The author proceeds with a few arguments similar to those of Archbishop Abbot, in the Tract quoted, and adds,

"Besides being smoake to our own eyes, it is prejudicial to others. It wil be an occasion to keepe them from comming in to looke for Christ in an invisible way so long as they see him in a visible, it is credibly reported that some have been sent to worship that crosse. Therefore you that plead for it, your grounds cannot be good, it is a fitter ornament for or some such place, (I meane whilst the image and crosse remained on it) than for this city."—"Yet I do not say that it is so fit for every to pull them downe, but them in authority, as, thanks be to God, the Parliament have took it into consideration, and commanded that all in churches should down, and so now also the rest, for which happy Parliament let our prayers and praises be continued to God alwayes."[a] 

"The aforesaid having suffered much by losse of his members from his body, your delayes of reliefe have prooved very prejudicial to his health: for being (as I suppose) put into a heat by that suddaine encounter, and then being exposed to the violence of the weather, and a cold piercing unto his bodie through the open pores, and not bleeding currantly, I feare it festers inwardly, whereby many radicall humours are congealed therein, that in respect of his age, his disease, (occasioned by their delayes, and obnoxions), will prove very desperately incurable, without medicine can bee procured to apply to him, and that is a parliamentarie playster, as a preservative of his life. You doe well to watch with him and pray to him, and comfort him as well as you can. Onely use such medicines as may preserve his present life: for as yet the obstructions cannot be removed: if you please you may give him a vomit, and applie a playster to his sores."

These disputes, which were the prelude to its destruction, were followed by the entire demolition of the cross itself, years afterwards, viz. on d, . Robert Harlow was entrusted by the Parliament with this important commission, who went on the service with true zeal, attended by a troop of horse, and companies of foot, and executed his orders most effectually. The exploit is noticed in the following quaint terms, on the accompanying print:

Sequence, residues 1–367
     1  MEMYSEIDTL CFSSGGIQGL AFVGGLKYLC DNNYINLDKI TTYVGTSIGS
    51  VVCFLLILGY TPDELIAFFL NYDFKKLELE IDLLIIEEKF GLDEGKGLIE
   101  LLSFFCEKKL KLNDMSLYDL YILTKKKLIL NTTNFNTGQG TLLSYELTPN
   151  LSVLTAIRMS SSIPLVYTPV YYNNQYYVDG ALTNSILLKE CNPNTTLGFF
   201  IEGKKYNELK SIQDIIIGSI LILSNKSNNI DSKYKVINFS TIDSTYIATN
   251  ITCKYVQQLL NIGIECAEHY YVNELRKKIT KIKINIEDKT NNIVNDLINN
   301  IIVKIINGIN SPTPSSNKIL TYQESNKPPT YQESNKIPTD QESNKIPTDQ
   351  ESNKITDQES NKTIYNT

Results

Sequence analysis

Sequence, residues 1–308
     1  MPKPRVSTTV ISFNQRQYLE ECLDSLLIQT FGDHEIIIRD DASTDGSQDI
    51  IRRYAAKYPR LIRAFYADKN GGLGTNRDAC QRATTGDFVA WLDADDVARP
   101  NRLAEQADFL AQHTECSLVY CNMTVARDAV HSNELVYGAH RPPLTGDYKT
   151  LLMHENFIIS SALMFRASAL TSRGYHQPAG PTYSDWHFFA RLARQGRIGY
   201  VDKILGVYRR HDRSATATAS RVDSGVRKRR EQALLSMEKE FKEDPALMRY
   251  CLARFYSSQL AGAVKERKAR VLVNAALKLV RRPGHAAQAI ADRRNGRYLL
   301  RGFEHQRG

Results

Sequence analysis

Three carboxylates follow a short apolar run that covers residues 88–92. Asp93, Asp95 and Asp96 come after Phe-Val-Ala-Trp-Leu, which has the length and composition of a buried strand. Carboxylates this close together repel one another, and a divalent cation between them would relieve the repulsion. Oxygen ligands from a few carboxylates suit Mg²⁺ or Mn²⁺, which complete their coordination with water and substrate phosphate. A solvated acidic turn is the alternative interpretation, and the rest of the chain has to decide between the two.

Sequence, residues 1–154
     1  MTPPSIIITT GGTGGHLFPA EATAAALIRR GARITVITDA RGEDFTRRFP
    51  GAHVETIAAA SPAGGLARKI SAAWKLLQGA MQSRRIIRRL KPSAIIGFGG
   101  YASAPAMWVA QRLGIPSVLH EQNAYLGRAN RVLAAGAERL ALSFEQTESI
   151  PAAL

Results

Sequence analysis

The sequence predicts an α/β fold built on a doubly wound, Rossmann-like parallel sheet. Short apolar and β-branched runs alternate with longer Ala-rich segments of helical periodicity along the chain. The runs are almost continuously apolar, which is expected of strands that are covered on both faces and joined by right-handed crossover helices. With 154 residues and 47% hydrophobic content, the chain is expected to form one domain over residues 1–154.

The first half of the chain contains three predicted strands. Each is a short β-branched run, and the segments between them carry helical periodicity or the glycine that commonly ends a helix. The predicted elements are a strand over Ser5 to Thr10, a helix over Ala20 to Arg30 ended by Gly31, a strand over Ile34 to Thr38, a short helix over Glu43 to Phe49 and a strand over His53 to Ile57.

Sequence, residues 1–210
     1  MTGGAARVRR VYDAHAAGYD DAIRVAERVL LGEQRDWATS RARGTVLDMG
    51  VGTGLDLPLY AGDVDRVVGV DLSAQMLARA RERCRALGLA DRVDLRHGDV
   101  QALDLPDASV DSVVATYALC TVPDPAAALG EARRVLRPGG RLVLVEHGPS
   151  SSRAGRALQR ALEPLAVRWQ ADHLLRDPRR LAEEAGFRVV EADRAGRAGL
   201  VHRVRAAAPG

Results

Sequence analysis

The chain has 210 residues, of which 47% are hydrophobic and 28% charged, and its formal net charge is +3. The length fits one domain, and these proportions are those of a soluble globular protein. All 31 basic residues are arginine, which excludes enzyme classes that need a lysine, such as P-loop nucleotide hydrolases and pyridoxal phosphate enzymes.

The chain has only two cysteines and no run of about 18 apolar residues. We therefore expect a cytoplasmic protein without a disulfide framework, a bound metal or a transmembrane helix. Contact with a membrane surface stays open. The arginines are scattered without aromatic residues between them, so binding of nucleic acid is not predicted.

"On the d of , the cross in was pulled down. A troop of horse and companies of foot waited to guard it; and at the fall of the top cross, drums beat, trumpets blew, and multitudes of caps were thrown into the air, and a great shout of people with joy. The d of May, the Almanack saith, was the Invention of the Cross. And the same day at night was the burnt[b]  in the place where it stood, with ringing of bells and a great acclamation; "

"The of the same month, the Book of Sports" (a collection of ordinances which certainly militated against

27

the decent observance of the Sabbath) "was burnt by the hangman, in the place where the cross stood, and at the Exchange."

The same events are similarly described in another tract of the day.[a] 

", and all other Crosses, in and about London, utterly demolished and pulled downe, and that abominable and blasphemous Booke of tolerating Sports and Pastimes on the Lord's Dayes, voted to be burnt, and shortly after accordingly burnt, together with many Crucifixes and Popish Trinkets and Trumperies, in the very same Place were stood, and at the "

The following was published on the very morning the cross was pulled down. Its great scarcity has induced us to give it verbatim. It is entitled

"The Downfall of Dagon, or the taking downe of Cheapside-Crosse, this d of , wherein is contained these Principalls following: . Cheapside-Crosse sick at the Heart; dly, his Death and Funeral; dly, his Will, Legacies, Inventory and Epitaph; thly, the Reason why it was taken downe, and the Authority for it; thly, the Benefit and Profit that is made of the Materialls of it, and the severall Summes of Money which is offered for it, likewise, the Satisfaction it will give to thousands of People; thly, Notes worthy of the Reader's Observation that the Crosse should just happen to bee taken down on that Day when Crosses were invented and set up." to. [b]  Printed , for Thomas Wilson.